Thoughts about business and economic development in rural areas.


October 2008
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Archive for October, 2008

Attitude: A Community Issue?

Recently helped a community with a business planning session. Nothing unusual with that. Many of us have led or participated in countless sessions like this. What I found different about this session was the results.

Out topic was, “Building a Better Business Community” and we used a modified version of the Storyboarding planning method. Under the header “Obstacles” the group listed 70 items. The group then combined the ones that they felt were so close in meaning as to really be the same and they then voted in response to the question, “Which of these obstacles are most likely to stand in our way as we try to build a better business community.” I have them individually choose their top three and use a weighted voting system (3 points for their first choice, 2 points for second choice, etc.) and we then tallied the results.

The results showed two obstacles that rose head and shoulders above the rest. One was a contentious local issue that they had long faced. No surprise there. The second was “Resistance to Change”. Now attitudinal obstacles regularly show up in planning sessions like these but in my experience they rarely command center stage. I was even more surprised when I compiled the follow-up report and saw that over half of the 70 obstacles brought up during the initial brainstorming session dealt in one way or another with attitude.

I later discussed the results with an area economic development specialist who was familiar with the community. She said that a similar thing had happened as she helped a different community develop their comprehensive plan.

Ok, you’re probably saying, “So what?” Well here’s the deal. In my 20+ years of community development work the focus was almost always on physical things. And we responded. We build industrial parks, added infrastructure, spruced up the downtown facades, identified available buildings and provided job skill training. ‘Attitude’ was thought about but the focus was always on developing actions that resulted in something we could touch. Something we could see. 

And now we have community business leaders saying the lead obstacles they face are things we can’t see or touch but involve more of a sense of ‘feel’. Is this a real shift in priorities or is this an isolated incident? Have we made so much progress in addressing the physical obstacles that we now have time to give attitudinal ones some extra attention? Or have attitudinal issues increased to the point that they have pushed their way to the front and can no longer be ignored?

Whatever the case, dealing with these issues offers a whole new set of challenges. How do you benchmark attitude? How do you measure improvements? How do you incorporate a program for attitudinal change into your economic and community development efforts?

In comparison building an industrial park begins to look easy. And I never thought I’d ever say something like that. Will ‘Improving Attitude’ become the hot new community economic development issue?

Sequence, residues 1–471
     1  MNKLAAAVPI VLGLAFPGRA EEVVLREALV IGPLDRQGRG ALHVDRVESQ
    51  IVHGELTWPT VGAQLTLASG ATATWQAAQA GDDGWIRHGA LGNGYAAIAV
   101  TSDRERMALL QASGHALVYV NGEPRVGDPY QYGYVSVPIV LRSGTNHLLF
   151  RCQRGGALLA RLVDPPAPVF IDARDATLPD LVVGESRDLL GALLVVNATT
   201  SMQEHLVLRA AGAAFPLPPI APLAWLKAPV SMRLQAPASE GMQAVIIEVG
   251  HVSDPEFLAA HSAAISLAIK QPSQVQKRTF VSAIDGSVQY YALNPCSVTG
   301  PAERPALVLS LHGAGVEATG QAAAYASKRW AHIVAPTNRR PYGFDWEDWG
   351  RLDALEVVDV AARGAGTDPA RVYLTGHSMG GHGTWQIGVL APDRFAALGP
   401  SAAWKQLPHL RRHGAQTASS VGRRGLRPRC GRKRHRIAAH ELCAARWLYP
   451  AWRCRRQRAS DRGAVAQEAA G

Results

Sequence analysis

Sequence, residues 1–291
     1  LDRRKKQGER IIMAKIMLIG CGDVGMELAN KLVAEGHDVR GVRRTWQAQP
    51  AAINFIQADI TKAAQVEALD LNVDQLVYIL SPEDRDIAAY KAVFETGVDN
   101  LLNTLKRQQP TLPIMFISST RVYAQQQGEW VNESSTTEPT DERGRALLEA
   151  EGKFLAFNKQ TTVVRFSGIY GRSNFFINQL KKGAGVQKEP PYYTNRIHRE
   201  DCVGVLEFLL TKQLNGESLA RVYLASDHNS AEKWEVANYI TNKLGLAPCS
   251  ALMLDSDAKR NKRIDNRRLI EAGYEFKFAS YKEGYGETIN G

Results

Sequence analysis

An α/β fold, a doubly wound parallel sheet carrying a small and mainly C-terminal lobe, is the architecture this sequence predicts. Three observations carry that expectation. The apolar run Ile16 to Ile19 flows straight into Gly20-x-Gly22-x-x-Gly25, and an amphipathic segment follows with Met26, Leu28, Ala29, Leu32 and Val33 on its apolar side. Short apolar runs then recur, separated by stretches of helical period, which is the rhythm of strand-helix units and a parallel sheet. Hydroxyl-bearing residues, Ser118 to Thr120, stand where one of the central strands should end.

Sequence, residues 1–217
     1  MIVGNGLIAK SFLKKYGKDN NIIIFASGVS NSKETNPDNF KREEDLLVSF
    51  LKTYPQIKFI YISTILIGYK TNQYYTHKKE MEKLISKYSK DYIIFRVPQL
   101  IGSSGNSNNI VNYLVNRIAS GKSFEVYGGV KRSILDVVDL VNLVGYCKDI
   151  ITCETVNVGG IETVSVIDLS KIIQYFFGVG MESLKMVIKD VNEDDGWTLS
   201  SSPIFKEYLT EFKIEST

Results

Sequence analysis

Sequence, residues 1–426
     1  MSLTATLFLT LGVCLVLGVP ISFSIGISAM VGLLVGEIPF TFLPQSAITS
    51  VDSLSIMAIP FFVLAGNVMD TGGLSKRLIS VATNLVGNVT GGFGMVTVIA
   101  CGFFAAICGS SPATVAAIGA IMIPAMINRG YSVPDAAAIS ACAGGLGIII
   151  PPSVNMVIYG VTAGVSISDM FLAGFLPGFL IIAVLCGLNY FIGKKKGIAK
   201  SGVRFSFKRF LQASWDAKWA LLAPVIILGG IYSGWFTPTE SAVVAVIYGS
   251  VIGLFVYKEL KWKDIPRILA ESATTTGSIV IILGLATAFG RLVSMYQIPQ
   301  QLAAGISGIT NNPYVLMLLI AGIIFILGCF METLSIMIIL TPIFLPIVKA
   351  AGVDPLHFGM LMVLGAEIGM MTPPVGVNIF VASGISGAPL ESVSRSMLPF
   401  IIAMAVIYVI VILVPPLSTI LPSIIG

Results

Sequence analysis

Somebody oughtta…

Went to a community meeting recently that was well attended by folks who felt that something should be done about an issue. Great to see the enthusiasm but by the end of the evening it was obvious that something was missing.

OWNERSHIP! Not leadership, but ownership. There were many very capable leaders in the audience but what has not surfaced to this point is the group that will agree to passionately ‘own’ the idea. Everyone had opinions and shared them willingly but it was obvious at the end of the evening that everyone was looking to someone else to take the issue and run with it.

I think floating ideas is a great exercise but if there are no passionate champions at the end of the discussion we have to be ready to walk away even if everyone agrees that the idea is a basically good one. Pointing a finger at someone else and saying ‘Somebody ought to…’ is not the solution. In fact, assigning the task of implementing an idea to a group or agency that hasn’t taken ownership is a complete waste of time and money.

So what should we do?
1) Get people who are interested in the idea together for a discussion
2) If there is something worth pursuing, start a basic planning process.
3) If at the end of the basic planning process no one has expressed passionate ownership of the idea, admit it and go on to other business.

Life’s too short and money’s too scarce to spend either on even good projects that don’t have passionate champions and real owners.

The final line should never be, “Somebody oughtta…!”

Welcome to……..

I never cease to be amazed by how easy it is to miss the basics. I was recently reminded of this on my last visit to Wal-Mart. Several years ago when they were new to our state, a Wal-Mart came to a nearby community and everyone had to go check it out. And when folks came from their first visit what do you think they were talking about? The size of the store? The low prices? The tons of merchandise? Nope. Everyone was talking about the greeter and how he welcomed them to the store when they walked in.